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Updated: Mar 31

I stop running at the top of the hill to catch my breath, adrenaline still pumping. Usually, I marvel at the beautiful medieval Castle and the perfectly manicured gardens at the bottom of the hill. Today, the park is quiet, with no birds and no children playing. I’m alone. The park is empty even though it isn’t close to the public for another hour, but Christmas Eve is tomorrow, and I imagine people are rushing to buy last-minute gifts for loved ones or work colleagues. I close my eyes thinking of the doctor’s news I got today, to reflect on my life. Forty-three, alone, my husband left me for a younger model whom he got pregnant. Dr Brady’s words ricochet in my head.

A bead of sweat trickles down my forehead, which I wipe away with my gloved hand; I open my eyes, exhaling slowly, ready to run again. My hot breath mingles with the crisp, cold air. The grass crunches as I slowly run to the path where the mud is frozen solid with no sign of thawing.

The path is dabbled with weak December sun that filters through the canopy of branches that radiate from trees on either side. In summer, the park is beautiful, a combination of ash and sycamore trees with a scattering of bamboo. When their leaves moved in the wind, they would emit a soothing hissing sound.  I want to close my eyes, thinking of the soothing rustle of bamboo leaves, but running on the uneven surface could result in a fall; my hips are precious. But after the news today, does it matter? No matter what my decision is.

My lungs burn, and my adrenaline continues to pump even though I run slowly. Then to the duck pond. I stop to catch my breath at the white wonderland. The pond is frozen. The branches of the trees that surround its path slope down are sprinkled with frost-like icing on a Yule log. Duck feet markings cross over and back on the surface of the pond, and leaves are captured in the frozen water, radiating in a perfect crystallised ice flower.

I thought back to the doctor’s office this morning.  He must have seen a kid before me, and he still had his Santa Micky Mouse stethoscope around his neck. He must have a difficult job.

The sun was not shining anymore, but it didn’t seem. Thick black clouds were moving across the sky. The rise in temperature meant snow. My dad told me that fact when I was little.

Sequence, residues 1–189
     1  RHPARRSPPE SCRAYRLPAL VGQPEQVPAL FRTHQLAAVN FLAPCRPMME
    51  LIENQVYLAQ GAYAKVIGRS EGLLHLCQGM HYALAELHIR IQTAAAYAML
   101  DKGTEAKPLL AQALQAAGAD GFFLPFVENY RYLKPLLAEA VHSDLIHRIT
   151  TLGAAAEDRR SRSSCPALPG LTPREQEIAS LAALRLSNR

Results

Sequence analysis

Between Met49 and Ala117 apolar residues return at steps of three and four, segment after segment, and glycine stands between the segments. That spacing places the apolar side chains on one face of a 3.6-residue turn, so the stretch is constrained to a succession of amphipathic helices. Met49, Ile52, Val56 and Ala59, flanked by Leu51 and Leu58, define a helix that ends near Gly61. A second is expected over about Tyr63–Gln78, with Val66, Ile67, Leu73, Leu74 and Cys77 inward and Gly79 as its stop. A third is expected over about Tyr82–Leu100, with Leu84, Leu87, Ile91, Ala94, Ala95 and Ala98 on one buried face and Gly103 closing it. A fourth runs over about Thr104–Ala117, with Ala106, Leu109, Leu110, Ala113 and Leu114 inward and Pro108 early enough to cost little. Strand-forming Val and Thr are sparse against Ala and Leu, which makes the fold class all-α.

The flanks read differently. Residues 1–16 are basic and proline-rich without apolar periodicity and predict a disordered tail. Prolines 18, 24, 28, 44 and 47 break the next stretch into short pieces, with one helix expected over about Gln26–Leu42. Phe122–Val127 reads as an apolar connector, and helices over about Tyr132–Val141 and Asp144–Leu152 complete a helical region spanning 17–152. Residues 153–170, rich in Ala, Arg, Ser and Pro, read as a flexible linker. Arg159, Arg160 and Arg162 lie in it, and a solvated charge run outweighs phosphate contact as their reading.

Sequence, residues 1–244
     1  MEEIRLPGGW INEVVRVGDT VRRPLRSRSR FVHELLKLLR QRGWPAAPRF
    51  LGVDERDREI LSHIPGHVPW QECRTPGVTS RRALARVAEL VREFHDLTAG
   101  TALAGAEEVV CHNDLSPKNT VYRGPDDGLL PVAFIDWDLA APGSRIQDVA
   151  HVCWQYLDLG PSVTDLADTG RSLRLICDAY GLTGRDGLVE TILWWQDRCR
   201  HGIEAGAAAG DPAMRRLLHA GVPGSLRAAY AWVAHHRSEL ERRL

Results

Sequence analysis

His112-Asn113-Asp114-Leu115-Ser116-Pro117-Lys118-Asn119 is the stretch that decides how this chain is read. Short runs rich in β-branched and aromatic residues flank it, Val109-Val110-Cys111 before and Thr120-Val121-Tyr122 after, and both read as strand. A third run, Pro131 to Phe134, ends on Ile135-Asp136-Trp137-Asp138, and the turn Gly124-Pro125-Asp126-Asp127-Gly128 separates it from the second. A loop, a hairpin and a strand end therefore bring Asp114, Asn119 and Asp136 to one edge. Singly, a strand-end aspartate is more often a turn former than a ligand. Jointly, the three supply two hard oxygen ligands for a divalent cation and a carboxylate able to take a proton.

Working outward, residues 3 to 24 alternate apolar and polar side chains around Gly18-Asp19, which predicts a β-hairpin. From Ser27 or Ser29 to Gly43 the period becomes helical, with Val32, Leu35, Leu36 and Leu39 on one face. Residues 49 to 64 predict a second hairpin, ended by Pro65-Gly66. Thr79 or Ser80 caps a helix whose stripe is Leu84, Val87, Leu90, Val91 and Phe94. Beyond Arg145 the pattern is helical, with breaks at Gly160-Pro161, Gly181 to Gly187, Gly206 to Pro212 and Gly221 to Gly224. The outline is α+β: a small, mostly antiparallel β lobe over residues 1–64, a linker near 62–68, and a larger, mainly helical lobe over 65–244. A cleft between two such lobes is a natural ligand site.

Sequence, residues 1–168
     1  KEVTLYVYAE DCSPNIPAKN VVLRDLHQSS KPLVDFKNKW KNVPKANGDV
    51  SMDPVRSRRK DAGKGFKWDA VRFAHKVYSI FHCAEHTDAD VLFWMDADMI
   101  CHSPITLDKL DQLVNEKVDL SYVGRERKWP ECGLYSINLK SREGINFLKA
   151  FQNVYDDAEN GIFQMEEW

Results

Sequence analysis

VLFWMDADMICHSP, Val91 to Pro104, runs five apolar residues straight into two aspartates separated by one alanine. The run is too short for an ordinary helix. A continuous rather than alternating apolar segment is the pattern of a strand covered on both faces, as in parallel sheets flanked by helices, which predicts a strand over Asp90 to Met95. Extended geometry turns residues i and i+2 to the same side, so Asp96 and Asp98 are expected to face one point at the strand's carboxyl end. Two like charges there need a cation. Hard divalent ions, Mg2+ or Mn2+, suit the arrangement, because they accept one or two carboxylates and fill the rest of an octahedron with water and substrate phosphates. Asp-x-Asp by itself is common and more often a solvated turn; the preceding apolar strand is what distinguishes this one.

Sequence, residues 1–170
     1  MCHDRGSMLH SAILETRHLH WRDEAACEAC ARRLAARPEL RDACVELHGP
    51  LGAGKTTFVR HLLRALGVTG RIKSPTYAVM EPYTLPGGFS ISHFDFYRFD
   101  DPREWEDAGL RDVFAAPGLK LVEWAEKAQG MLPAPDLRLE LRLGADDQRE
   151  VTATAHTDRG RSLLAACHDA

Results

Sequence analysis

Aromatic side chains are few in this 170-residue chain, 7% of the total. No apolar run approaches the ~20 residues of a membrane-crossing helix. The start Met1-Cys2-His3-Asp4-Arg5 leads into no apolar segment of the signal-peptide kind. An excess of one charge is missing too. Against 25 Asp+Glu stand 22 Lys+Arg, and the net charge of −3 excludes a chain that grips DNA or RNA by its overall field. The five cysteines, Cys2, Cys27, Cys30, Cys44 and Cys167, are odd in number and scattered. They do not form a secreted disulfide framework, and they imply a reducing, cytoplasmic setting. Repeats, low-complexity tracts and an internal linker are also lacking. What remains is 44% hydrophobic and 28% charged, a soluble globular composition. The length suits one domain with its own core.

He would put me on his lap as he sat on the cushioned seat in our sitting room bay window. ‘Martha, you know it's gonna snow when there’s been a hard frost, and then the temperature rises.’ He would hug me closer, ‘Snow clouds are like a thermal blanket.’

I sigh, warm in my childhood memory. We would watch the robins eating bread on the bird stand in our garden. I would snuggle into my father’s big, strong arms. ‘Martha, robins, they are spirits of our loved ones,’ he would say, pointing to a robin on the bird feeder with a bright red breast. ‘Martha, that one is your mother.’ A lump forms in my throat. I still miss her.

Snow started to fall thick and slow, floating onto the pond. Frost and winter always marvelled at me at how they could transform the ugliest landscape into a beautiful crystalline white picture; I found the whiteness calming.  I look up to the sky, snowflakes land on my eyelashes, and they melt as they fall on my face.

A small bird landed on the pond. It was a robin—a small red-breasted robin. Thick snow fell on it, but I could not see if it melted from the heat from its little body.

I close my eyes thinking of Dr Brady’s words, ‘Martha, are you taking this in?’

He had taken off his round glasses, like the ones people wore in the 1920s. He sighed as

He rubbed the glass, ‘Martha, your answer?’ he leaned forward, his voice softer now, ‘What is it to be?’

I shrugged. What could I say?

‘Martha, I need your answer. It’s either six months, or you will get two years with chemotherapy. Which is it to be?’

I knew I’d have no quality of life with chemo, and I’d have no one to share it with. I didn’t answer him but took my coat, returned to my one-bedroom flat, and changed into my running gear. Ironically, I had taken up running the year before to get fit.

Now, I look at the red-breasted robin, snow covering its head like a white velvet crown. Robin stares at me, and I look back at him.  Our eyes lock.  A coat of snow begins to cover him. It shakes its head; the snow crown falls off him, and he flutters his wings, freeing them.  The robin flies towards me and, for a minute, is suspended like a hummingbird in front of me before flying away, but the robin looks back at me before disappearing into the sky.

That was when I had my answer.

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